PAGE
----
Nvidia: RTX 2080 Offers 50 Percent Performance Boost Over GTX 1080

Nvidia releases benchmarks for the RTX 2080 card, which compare it the GTX 1080 amid doubts over whether the new product is really worth its $699 price.

Nvidia has finally released some benchmarks for one of its new RTX cards, but take them with a grain of salt.

According to Nvidia, the upcoming RTX 2080 card will, on average, offer a 50 percent performance gain over the older GTX 1080 model when running games at 4K.

The benchmarks are presented in the vendor-provided slide below, which tested the cards on 10 different games. The company didn't specify how it graded performance gains, but the dark green bars show that the RTX 2080's hardware can run a game 30 to 60 percent faster over the GTX 1080 card, depending on the title.

Nvidia RTX vs GTX benchmark

However, Nvidia claims the RTX model can offer an even higher performance boost when the GPUs' new "deep learning super-sampling," or DLSS, feature is turned on. This technology uses AI-powered algorithms to essentially help the graphics card better smooth out rendered objects in games.

According to the benchmarks, this DLSS feature (depicted by the bright green bars) can at least double the performance gains offered by the RTX 2080 card. However, only 16 newer games currently support DLSS, so you won't be able to rely on it for every title.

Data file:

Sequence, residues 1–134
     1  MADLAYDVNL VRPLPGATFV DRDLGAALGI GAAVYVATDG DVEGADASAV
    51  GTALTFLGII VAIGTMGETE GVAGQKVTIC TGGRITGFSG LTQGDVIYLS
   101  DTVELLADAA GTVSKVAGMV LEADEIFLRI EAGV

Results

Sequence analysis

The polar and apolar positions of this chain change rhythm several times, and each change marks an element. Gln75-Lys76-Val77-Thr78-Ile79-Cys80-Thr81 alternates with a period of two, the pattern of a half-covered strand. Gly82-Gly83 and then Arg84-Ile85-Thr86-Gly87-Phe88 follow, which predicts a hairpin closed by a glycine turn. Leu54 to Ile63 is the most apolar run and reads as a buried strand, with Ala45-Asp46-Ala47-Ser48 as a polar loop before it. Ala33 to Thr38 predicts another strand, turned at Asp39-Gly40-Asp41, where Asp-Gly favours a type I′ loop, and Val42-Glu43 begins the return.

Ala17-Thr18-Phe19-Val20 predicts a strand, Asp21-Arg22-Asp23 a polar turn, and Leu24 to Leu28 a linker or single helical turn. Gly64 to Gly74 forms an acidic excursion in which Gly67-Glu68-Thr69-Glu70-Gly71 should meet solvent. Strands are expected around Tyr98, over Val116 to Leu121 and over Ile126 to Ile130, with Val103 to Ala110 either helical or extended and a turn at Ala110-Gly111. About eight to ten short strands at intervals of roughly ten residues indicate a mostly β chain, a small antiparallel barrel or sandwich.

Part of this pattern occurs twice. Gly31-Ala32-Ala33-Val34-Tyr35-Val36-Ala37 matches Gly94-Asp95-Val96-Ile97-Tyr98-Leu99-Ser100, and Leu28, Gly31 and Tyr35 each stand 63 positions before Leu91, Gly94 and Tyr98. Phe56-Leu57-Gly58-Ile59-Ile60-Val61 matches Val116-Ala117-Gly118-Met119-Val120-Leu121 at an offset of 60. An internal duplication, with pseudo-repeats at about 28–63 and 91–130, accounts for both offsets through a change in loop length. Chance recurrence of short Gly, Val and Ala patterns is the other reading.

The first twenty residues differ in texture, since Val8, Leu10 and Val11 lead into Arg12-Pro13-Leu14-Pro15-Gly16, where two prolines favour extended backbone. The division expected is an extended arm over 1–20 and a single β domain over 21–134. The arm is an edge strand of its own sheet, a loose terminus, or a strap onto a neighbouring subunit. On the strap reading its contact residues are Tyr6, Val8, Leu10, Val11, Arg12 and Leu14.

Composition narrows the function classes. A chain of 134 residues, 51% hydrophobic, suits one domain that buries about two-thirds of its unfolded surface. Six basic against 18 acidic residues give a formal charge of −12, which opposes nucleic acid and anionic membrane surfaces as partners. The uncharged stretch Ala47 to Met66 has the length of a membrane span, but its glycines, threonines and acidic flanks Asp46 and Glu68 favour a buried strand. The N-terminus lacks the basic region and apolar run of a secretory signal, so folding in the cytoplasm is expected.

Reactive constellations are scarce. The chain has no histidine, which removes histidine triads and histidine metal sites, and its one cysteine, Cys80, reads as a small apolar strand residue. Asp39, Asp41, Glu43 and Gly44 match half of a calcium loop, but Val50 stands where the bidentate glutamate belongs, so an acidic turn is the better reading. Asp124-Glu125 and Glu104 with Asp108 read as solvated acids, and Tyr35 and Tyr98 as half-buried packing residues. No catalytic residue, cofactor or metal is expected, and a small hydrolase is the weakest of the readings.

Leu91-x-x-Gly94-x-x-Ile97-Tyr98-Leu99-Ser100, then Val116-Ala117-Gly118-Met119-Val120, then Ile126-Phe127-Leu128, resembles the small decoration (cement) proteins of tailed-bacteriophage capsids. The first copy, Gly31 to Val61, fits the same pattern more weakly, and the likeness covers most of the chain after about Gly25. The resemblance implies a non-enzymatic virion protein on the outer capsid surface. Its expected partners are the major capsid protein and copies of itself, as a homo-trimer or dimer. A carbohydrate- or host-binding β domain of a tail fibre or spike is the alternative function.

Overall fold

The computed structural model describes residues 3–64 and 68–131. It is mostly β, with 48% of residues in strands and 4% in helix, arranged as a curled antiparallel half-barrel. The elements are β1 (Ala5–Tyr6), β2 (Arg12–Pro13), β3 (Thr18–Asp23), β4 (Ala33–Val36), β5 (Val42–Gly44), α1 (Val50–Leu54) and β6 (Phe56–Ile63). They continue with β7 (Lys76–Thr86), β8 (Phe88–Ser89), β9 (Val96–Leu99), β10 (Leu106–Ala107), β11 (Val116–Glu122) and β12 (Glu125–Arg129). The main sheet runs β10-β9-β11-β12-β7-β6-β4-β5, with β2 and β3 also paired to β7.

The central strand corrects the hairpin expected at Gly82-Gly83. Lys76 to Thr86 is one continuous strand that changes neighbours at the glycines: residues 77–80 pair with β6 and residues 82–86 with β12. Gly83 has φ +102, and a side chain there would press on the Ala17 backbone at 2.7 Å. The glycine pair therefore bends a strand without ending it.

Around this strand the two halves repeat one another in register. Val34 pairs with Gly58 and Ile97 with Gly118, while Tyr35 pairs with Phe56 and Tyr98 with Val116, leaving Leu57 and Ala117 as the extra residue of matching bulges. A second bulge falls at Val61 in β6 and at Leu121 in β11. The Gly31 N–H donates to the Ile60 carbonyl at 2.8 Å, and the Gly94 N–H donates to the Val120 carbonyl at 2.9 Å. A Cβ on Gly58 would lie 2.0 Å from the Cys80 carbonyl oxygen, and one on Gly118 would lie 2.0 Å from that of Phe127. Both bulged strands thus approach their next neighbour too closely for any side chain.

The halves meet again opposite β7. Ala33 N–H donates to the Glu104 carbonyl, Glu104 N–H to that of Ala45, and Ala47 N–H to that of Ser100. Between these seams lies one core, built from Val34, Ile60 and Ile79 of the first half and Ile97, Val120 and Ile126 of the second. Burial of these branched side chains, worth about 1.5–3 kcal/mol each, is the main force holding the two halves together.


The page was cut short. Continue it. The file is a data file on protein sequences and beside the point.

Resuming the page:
To further highlight the RTX 2080, Nvidia also released a slide showing that the card can run several popular existing games at 4K resolution, and still achieve 60 frames per second.

Nvidia RTX GTX Comparison

The company released the benchmarks on Wednesday amid doubts over whether the new RTX graphics cards are really worth the price. The RTX 2080, for instance, will start selling next month at $699. The other model, the RTX 2080 Ti, will go for a whopping $999.

It hasn't helped that Nvidia initially refrained from releasing traditional benchmarking data for both cards. Instead, the company has been talking up its new "ray tracing" technology inside the RTX graphics cards, which promise to add realistic-looking lighting and shadow effects to virtual environments.

Unfortunately, ray tracing has a limitation like DLSS: it only fully works if a game has been built to support it. So far, only 11 upcoming games have decided to adopt the ray-tracing technology, diminishing its selling point.

Nevertheless, Nvidia has been promising that the RTX cards can at the very least offer a two-times performance increase over the older GTX 10 series. This was somewhat supported by the company's benchmarks released today, but the data also underscores some caveats.

Stay tuned for our review of the cards, which arrive on Sept. 20.

About Michael Kan